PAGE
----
Captain Robert Surcouf

Robert Surcouf (12December 1773–8 July 1827) was a famous French corsair. During hislegendary career, he captured 47 ships and was renowned for his gallantry andchivalry, earning the nickname of Roi des Corsaires ("King ofCorsairs").
Robert Surcouf was born12 December 1773 in Saint-Malo, afortified town in Brittany,traditionally a corsair stronghold. He attended a religious school and waseducated by the Jesuits. At 13, heescaped his teachers and stole a small craft to prove his ability to sail; hewas subsequently caught in a tempest and had to be rescued.
At age 15, he enlistedon a merchantman to India.
In 1792 he came back toSaint-Malo and discovered the political changes France had undergone in thewake of the French Revolution. He sailed to Île deFrance (present-day Mauritius) in Auguston a commercial brig, and wasinformed on his arrival of the outbreak of war against Britain. Île de France was blockaded by two British ship: the50-gun HMS Centurion, and the44-gun HMS Diomede, commanded by Commodore Osborn. Surcoufwas made a second officer of the 40-gun frigate Cybèle, which, with 32-gunfrigate Prudente and brig Coureurengaged and repelled the attackers. Surcouf was one of the heroes of the day.
He was made a captainin Île de France, and expressed his ambition to wage corsair warfare againstGreat Britain. However, the Convention frowned at privateers,and it was difficult to obtain a letter of marque.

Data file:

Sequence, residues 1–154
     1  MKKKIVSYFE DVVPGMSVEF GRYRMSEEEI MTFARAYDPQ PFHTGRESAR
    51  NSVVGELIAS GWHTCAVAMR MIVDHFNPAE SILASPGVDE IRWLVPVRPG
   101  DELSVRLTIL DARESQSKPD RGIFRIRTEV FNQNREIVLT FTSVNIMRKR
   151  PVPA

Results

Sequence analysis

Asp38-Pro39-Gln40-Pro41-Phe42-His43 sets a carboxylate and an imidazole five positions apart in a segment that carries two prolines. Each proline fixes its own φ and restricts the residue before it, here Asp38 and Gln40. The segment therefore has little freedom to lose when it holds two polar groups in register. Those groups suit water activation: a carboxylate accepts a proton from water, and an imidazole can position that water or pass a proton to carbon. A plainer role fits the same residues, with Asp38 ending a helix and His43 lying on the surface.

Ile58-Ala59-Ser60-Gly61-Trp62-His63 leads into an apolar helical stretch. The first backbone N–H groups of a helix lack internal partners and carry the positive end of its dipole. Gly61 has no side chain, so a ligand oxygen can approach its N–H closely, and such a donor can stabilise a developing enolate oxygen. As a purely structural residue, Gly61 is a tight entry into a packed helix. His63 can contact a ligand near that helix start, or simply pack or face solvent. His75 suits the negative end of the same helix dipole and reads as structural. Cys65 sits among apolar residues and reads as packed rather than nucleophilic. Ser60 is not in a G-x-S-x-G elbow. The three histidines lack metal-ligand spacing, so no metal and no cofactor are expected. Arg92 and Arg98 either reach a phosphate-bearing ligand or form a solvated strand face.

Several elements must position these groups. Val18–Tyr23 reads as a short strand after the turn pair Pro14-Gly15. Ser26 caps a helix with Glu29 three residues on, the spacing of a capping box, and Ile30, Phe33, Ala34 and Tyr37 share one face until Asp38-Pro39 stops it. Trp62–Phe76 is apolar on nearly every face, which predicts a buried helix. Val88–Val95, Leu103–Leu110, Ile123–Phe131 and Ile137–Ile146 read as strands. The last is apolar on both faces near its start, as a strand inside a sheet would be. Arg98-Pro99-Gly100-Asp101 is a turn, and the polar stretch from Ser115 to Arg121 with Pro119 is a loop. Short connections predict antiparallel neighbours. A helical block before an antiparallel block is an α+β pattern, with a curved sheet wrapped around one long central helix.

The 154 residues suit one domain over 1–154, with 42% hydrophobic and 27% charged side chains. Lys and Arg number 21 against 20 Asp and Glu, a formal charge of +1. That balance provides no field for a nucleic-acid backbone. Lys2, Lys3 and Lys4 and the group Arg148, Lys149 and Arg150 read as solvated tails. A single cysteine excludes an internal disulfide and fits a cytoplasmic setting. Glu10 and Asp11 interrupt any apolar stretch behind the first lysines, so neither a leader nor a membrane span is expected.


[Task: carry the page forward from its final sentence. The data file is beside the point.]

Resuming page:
On 3 June 1794, Surcoufsailed with the 4-gun ship La Créole, with a complement of 30 men, withorders to bring rice to Mauritius, and encountered three English ships escortedby the 26-gun Triton; he used a technicality to engage combat inself-defence, by not flying his colours until the English ships requested themby firing a warning shot (a naval convention of the time), which Surcouf laterreported to consider an aggression. After a brief gunnery exchange, the Britishships lowered their flag and were brought back to Mauritius, with their cargoof rice and maize. Surcoufwas welcomed as a saviour in the famished Port Louis. Thecapture was declared legal, but in the absence of a letter of marque, theauthorities retained the entire cargo (a portion of which normally goes to thecorsair).
Following a disputewith the governor of Île de France, Surcouf sailed to France to receive his letter of marque. Hereturned to sea in Nantes in August1798, as captain of the 18-gun Clarisse, with 105 men. He captured fourships in the South Atlantic, and two others near Sumatra in February 1799. On11 November, the 20-gun Auspicious was captured, with a cargo worth inexcess of one million francs. Surcouf later had to flee before the 38-gunfrigate HMS Sybille, throwing eight gunsoverboard to out-sail the British warship. He captured a British brig and anAmerican merchantman before returning to Île de France.


In May 1800, Surcouftook command of Confiance, a fast 18-gun ship from Bordeaux undergoingrepairs in Île de France.
Beginning in March, heled a brilliant campaign which resulted in the capture of nine British ships.On 7 October 1800, in the Bay of Bengal, off Sand Heads, Confiance metthe 38-gun Kent, a 820-ton[1] East Indiaman, underCaptain Robert Rivington, with 400 men and a company of naval riflemen. Despitebeing outnumbered three to one, the French managed to seize control of the Kent.He became a living legend in France and, in England, a public enemy whosecapture was valued at 5 million francs, although he was noted for thediscipline of his crew and his humane treatment of prisoners.